About Me

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Five years into widowhood, after one year of incredible happiness and nearly 14 years of single blessedness. Have given up perfect manicures and pretty hands in order to resume playing the soprano recorder and to see if I can figure out how to play bluegrass banjo. Singing in the shower. Still really, *really* love to knit!

Friday, July 28, 2006

Besotted Meets Rasta

This is the scarf that I made from the yarn leftover from my Wilted Leaf Cardigan. The yarn is Cascade 220, black because I was thinking "sweater that goes with everything in my closet" and not "scarf that will eventually be photographed for the blog I never dreamed I would have".

The fringe is from Melissa Matthay’s "Little Box of Scarves" (don't remember if it’s I or II; I was watching one of the teachers at a somewhatLYS make a shop sample). The body is the Besotted Scarf http://helloyarn.com/besottedcarf.htm.

I knitted this on Clover Bamboo #4's. How to describe my delight at watching 45 twisted springy thingies, interspersed with 44 stitches on my needle, shrink from roughly two feet of chaos to a 5-1/2" scarf? Never underestimate the take-up power of 2x2 ribbing!

And this had to be the least boring bind-off I have done in forty-six years of knitting (yes, you read that right). I tried to figure out how to finish with 45 springy thingies on the second end but was only able to manage 43. It's not visually obvious, and I think it will only bother the eventual owner if he/she is a CPA with OCD.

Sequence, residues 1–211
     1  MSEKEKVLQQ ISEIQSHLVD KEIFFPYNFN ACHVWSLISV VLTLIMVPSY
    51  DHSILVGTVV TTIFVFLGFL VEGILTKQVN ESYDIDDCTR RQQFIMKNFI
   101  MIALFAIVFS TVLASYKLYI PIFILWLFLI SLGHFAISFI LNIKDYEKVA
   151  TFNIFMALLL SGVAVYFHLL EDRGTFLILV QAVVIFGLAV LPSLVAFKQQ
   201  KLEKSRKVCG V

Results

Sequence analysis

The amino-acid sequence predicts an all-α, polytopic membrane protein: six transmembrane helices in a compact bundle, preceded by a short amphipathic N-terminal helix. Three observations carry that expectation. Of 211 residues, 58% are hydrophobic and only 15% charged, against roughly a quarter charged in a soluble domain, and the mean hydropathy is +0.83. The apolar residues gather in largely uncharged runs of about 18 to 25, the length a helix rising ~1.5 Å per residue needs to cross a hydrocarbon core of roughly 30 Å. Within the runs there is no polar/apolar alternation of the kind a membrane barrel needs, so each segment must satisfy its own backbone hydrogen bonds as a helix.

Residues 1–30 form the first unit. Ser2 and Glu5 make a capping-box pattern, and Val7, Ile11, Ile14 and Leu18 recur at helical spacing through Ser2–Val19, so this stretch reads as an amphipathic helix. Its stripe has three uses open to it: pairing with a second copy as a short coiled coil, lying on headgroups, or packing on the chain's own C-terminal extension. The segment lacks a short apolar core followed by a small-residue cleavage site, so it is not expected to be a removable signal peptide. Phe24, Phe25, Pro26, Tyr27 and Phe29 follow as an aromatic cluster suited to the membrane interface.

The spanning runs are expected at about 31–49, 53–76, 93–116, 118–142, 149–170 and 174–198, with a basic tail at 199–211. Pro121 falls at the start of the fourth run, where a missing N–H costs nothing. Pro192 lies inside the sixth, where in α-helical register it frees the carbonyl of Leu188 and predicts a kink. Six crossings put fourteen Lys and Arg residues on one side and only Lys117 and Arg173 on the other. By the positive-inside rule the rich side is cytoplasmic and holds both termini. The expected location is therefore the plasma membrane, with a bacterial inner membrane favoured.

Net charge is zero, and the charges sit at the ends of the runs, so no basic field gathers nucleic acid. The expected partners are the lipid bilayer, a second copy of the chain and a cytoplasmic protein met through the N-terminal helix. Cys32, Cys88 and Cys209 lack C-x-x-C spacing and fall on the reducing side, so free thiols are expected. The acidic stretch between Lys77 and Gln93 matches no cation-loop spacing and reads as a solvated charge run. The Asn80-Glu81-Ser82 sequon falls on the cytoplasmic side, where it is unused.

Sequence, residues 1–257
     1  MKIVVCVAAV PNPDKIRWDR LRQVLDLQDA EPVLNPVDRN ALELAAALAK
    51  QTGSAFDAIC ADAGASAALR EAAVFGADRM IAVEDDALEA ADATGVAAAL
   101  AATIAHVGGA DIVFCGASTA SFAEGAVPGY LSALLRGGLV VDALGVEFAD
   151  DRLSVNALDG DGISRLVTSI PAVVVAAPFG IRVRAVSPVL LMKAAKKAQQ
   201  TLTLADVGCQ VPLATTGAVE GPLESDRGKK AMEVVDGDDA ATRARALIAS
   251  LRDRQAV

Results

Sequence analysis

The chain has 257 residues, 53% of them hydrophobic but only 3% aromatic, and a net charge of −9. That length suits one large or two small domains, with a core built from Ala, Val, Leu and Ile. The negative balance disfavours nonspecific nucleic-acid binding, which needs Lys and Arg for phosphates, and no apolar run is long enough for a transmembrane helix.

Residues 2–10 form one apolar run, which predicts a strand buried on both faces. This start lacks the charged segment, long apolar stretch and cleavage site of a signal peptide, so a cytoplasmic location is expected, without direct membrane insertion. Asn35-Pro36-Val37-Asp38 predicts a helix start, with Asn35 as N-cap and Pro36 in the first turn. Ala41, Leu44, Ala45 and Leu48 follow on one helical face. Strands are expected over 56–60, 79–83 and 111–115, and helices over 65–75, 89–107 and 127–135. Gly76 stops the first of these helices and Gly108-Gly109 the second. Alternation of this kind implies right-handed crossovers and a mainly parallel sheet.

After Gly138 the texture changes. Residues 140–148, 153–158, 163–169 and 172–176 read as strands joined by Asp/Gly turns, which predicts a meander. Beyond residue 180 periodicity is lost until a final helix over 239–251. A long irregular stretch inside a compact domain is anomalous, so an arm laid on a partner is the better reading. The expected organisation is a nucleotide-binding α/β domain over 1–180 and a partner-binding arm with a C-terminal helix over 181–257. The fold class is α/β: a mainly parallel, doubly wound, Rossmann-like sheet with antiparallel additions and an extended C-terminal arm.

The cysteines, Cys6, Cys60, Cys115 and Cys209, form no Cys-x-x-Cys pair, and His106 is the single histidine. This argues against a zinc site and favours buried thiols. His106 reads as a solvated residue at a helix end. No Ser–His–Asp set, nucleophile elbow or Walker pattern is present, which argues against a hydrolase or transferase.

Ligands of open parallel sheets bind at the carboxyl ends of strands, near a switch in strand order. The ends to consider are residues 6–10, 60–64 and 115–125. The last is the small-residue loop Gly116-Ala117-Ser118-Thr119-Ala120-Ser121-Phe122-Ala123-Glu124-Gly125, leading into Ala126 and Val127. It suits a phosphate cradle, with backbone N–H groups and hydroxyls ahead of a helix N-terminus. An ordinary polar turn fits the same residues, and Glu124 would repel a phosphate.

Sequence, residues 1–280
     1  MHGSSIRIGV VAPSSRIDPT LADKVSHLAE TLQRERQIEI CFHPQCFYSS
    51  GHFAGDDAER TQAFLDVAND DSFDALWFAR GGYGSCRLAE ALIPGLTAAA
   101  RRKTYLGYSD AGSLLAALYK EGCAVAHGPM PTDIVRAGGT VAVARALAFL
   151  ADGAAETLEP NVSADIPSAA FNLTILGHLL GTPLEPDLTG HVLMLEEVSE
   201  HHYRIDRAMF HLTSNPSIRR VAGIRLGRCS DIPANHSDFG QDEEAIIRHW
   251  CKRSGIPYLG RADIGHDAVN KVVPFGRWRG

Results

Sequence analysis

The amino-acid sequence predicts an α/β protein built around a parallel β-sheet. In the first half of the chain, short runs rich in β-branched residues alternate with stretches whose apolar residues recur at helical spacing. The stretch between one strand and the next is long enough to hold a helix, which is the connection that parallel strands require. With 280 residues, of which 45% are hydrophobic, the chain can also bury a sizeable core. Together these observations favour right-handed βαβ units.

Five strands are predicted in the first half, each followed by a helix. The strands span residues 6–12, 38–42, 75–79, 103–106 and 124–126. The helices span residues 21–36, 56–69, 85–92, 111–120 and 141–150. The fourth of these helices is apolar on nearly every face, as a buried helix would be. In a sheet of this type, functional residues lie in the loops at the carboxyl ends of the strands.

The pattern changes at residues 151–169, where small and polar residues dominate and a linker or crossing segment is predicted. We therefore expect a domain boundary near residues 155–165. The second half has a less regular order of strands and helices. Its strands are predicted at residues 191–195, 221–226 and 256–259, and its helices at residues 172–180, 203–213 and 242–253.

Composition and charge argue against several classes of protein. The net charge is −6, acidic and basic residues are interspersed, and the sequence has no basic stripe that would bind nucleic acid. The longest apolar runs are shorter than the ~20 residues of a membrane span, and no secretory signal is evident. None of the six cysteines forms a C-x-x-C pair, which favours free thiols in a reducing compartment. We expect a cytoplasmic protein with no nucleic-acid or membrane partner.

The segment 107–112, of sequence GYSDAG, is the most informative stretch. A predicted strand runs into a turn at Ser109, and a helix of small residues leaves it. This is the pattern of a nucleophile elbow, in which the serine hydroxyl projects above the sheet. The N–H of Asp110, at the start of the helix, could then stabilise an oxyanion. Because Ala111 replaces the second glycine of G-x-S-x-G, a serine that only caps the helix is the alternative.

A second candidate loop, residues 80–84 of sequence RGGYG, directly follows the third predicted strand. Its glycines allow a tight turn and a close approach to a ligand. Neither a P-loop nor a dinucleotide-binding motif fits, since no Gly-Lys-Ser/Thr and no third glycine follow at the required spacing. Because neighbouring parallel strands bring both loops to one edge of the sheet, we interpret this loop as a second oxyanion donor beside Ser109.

Yes, you read that right, too. This one goes into the donation box, bound for Parts East and the neck of someone I will never meet in this life. The eyebrows of one of my new friends in the knitting group flew up so high when I mentioned this, that I thought they were going fly right off her face!

I have strong opinions on the topic of giving to charity, having been relatively poor for much of my adult life. [Dusting off the soapbox, which is the only dusting that will get done here this week.]

When the children's father was pursuing an advanced degree, we were Seriously Poor. And sundry nice folks at church and elsewhere helped out with hand-me-downs for the kids. The clothing from other Seriously Poor families was clean, clever, and useful, as was some of the clothing from church and elsewhere. But some of the things we were given, I wouldn't have let my kids wear to clean out the henhouse. Just because one is Seriously Poor, it does not follow that one has no taste or self-respect.

Therefore, my choice is to only give away things that I'd be delighted to wear myself. And I hope that somewhere in Parts East there is a brother or a sister who is thinking, "Hrmmm, winter is coming, and I sure hope I'll have a scarf that's warm and doesn't show the dirt and makes me smile."

And I hope that when he/she sees this scarf, the smiling starts.

1 comment:

Bobo said...

Thanks for the link to the pic! I LOVE the fringe! How cool! Whoever receives this is one lucky person.